16. Emotional Intelligence is becoming a necessary skill set for coaches, counsellors, and clients alike. Brain-based coaching and counselling is in its infancy. More research and development work will need to be accomplished to establish common standards.
  17. Photos are important. Recruiters evaluate the quality and professionalism of a photo when looking at a profile. Some universities are offering professional headshots for student LinkedIn pages.
  18. The cost of education encourages careful scrutiny of ROI. Some discouraged job seekers pursue a master’s degree because they think it will help them get a job. Career professionals can help job seekers determine the true return on investment of any post-graduate program.
  19. We will see increased hiring of employees with autism and Asperger’s Syndrome for positions as programmers, coders, testers, and many other positions. In 2013, SAP hired hundreds of employees with these disabilities to program and test products.
  20. Technology apps are becoming a part of the career development practitioner’s toolkit. Technology is being used as a conduit between career coaches/career departments to help people manage their careers continuously.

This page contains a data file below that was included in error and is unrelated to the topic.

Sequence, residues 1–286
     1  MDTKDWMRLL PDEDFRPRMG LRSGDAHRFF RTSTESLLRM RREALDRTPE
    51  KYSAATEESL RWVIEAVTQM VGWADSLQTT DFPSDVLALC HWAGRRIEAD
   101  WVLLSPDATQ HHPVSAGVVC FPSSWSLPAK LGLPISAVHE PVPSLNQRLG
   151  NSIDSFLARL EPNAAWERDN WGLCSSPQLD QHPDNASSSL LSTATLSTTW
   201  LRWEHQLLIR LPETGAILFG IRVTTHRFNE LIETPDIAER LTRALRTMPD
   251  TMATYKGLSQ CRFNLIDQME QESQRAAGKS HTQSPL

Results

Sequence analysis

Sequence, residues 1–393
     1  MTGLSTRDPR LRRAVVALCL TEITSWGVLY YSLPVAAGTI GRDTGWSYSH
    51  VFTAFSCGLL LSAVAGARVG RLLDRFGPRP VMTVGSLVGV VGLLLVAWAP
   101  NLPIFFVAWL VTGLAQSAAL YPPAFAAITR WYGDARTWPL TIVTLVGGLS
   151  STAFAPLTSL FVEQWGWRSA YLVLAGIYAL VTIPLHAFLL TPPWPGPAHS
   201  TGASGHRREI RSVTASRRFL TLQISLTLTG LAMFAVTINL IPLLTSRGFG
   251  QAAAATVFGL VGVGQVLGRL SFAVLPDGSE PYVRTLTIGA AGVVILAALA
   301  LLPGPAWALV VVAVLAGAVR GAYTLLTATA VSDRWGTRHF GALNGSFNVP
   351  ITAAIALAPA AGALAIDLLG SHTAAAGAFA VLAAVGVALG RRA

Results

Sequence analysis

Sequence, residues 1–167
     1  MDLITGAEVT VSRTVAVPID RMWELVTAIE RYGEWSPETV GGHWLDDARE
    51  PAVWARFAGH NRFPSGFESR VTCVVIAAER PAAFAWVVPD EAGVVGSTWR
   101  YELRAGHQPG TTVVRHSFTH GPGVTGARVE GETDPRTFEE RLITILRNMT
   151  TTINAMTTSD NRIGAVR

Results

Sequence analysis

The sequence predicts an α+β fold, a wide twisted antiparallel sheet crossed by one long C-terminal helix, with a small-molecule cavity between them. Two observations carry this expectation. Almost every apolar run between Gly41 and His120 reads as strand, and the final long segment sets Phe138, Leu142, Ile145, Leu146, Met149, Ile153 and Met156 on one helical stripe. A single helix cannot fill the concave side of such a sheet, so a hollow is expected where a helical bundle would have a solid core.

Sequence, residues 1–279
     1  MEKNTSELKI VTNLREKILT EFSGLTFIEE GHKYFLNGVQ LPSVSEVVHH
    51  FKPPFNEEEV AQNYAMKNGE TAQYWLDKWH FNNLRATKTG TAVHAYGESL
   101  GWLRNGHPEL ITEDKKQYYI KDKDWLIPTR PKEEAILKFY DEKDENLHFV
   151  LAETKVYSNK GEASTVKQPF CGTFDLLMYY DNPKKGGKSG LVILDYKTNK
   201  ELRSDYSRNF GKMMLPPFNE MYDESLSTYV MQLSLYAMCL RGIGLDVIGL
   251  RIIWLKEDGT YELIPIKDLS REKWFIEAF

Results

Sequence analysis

21. Bonus Trend: Career professionals have the same anxieties as our clients regarding technology. We need to be constantly scanning to be conversant. We should be early adopters of information on social media even if we don’t use it ourselves.

As a career practitioner, you need to keep up with changes in our field. You will find the complete whitepaper and all Global Career Brainstorming Day findings on the The Career Thought Leaders’ website.

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Great article, very interesting. What does ATS stand for? I could not find the meaning of it on your article. Thanks.

ATS stands for Applicant Tracking System, the software that employers and recruiters use to scan, sort, and select resumes.

Applicant Tracking Systems (ATS) are the technology recruiters and employers use to receive, store, and keep track resumes. Here is a links that might be helpful:

https://careerprocanada.ca/word-resume-passes-the-screen/

Your number one fan,

Sharon

Last edited 1 year ago by Janet Barclay